I got back into my van and anxiously waited for the phone call.

I am delighted to say that there was no tumour. The twist was corrected and surgery performed to stop it happening again. Forty eight hours after the operation he came and stayed the night at my house. Just like he did before his TV appearance.

Once again he was the perfect guest, clean over night and brilliant with my dogs. I am so proud of him.

Of course all this comes at a cost and, so soon after Sadie's big bill I hate to be asking again. The total cost of saving Geds life came to £1752.03. He is worth every penny, so if anyone can help us with the bill it would be a massive help.

You can donate:

Via PayPal:

please mark your donation GED

Or via cheque (made payable to SHAK with GED on the back) to SHAK. Greenwell Road, Alnwick NE66 1HB.

Or by popping into our SHAK Shop at 12 Bowes Street  Blyth NE24 1BD.

Ged has come on so far since he arrived, being able to help him once more and more importantly the fact he allowed everyone to do so, shows he has learnt to trust, at least a little bit, and that to us means so much.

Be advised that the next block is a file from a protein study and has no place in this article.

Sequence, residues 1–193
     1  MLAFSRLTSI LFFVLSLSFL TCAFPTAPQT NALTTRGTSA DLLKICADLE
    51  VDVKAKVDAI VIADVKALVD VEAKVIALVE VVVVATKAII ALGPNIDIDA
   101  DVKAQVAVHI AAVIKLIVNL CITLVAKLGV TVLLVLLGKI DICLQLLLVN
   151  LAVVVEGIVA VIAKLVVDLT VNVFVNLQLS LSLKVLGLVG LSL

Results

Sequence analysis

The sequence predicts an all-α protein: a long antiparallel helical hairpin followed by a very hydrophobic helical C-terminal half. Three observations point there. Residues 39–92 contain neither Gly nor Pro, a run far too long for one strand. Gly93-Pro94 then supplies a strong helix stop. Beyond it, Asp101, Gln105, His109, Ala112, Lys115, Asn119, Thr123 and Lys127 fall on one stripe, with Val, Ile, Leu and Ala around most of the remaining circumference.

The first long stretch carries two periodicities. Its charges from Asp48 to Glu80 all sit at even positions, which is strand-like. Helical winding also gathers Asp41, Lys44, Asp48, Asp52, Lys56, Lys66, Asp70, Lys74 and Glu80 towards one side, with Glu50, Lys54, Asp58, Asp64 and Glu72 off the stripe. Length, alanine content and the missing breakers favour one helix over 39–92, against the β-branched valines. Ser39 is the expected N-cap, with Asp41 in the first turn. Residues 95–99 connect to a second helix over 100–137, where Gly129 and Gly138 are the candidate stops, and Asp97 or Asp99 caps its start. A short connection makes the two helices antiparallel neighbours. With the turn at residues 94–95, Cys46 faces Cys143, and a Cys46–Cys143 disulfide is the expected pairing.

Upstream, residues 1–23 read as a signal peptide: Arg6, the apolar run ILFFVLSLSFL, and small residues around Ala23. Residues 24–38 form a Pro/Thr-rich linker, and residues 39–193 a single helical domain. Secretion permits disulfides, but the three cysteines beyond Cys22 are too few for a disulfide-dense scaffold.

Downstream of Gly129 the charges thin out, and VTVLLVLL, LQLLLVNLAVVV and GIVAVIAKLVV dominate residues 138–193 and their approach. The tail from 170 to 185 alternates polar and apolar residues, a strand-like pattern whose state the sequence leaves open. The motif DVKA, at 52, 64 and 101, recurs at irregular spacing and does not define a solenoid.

(For those who havent seen it, or for those who want to watch again, here is our own star on the BBC.)

Sunday, 15 September 2019

Mac's Story.....

I thought this week I'd introduce you to another long term resident who will probably be with us for the rest of his time.

Mac's story is a very sad one, but also one that shows just how special the work we do is.

Mac had a great life, all he needed he had. He lived rurally out in the west of Northumberland with  his owner who he adored and went with everywhere. There was just them and the great outdoors. 

Everything was perfect.

Then one day his owner didn't wake up and Mac lay beside him for days, not knowing anything else. This was where the the problems that would effect him for the rest of his life began.

Somebody from the village eventually broke in and found Mac with his dead owner. Macs instant reaction was to protect and let nobody near him or the body. When that didn't work he did the only thing he could do. Bite then run away.

Eventually he was cornered into a large green house before he was caught and put into the rescue system.
At the time we were full, so a brief stay at another rescue highlighted his lack of socialisation with people, until eventually he came to us.